By the way, laptops and tablets and such are "autosensing," meaning they can run off the voltage/current standards in either Europe, North America, or most anywhere else. This capacity is delineated in the electrical terms printed or molded upon the back of the device. You will probably still need a plug (i.e. prong) converter if traveling overseas, but most laptops and the like come with such. Otherwise you can buy plug converters before you go abroad or at the airport overseas. For many other appliances that you might bring overseas, you will need voltage converters as well as plug converters. Or you could bring an inverter (i.e. DC-to-AC converter), because an inverter marketed in your home country will produce your standard AC current.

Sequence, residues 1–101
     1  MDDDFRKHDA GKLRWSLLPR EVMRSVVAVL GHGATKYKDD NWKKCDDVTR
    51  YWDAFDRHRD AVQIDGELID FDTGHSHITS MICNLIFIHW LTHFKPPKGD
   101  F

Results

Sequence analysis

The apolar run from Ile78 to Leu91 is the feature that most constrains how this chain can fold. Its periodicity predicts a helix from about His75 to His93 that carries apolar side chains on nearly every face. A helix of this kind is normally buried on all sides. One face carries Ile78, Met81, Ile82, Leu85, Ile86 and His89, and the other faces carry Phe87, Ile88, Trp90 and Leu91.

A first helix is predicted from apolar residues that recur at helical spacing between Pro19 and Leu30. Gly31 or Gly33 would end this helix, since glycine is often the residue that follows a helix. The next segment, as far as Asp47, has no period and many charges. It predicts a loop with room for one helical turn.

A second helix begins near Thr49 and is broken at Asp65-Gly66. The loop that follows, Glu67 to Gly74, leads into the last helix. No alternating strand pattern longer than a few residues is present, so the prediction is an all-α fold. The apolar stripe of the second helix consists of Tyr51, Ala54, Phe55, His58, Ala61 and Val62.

Do you need a generator? Typically not. In Europe most RVs do not feature a generator, and generators are not typically available for hire. In the USA and Canada, many rental RVs feature built-in generators which run off gasoline or diesel fuel and which you pay an hourly fee to use; sometimes portable generators are available for hire. If you are plugged in to mains electricity, you of course don't need a generator. And some vehicles feature solar panels instead that generate electricity if there is enough sunlight. As described below, RV refrigerators and heaters are robustly designed so they do not need mains electricity or generator-provided electricity to run. Your fridge will run for days on a bottle of propane and is very efficient. Likewise the RVs interior lights will all work on the battery for multiple days. Appliances such as TVs and roof airconditioning, however, do need need mains electricity or generator-provided electricity. A generator comes in handy if you are in a remote area without any utilities at your campsite for an extended period of time (e.g. more than two days). The generator can also charge your house battery. If you are planning on staying in campgrounds that have power, a generator is generally not needed and generators should not be used at such campsites. Generators are noisy. Please be a good neighbor and do not start your generator early in the morning or late at night. In the state of California, and certain other states, it may be illegal to run a generator. Please check with your local campground host regarding any restrictions on generator use.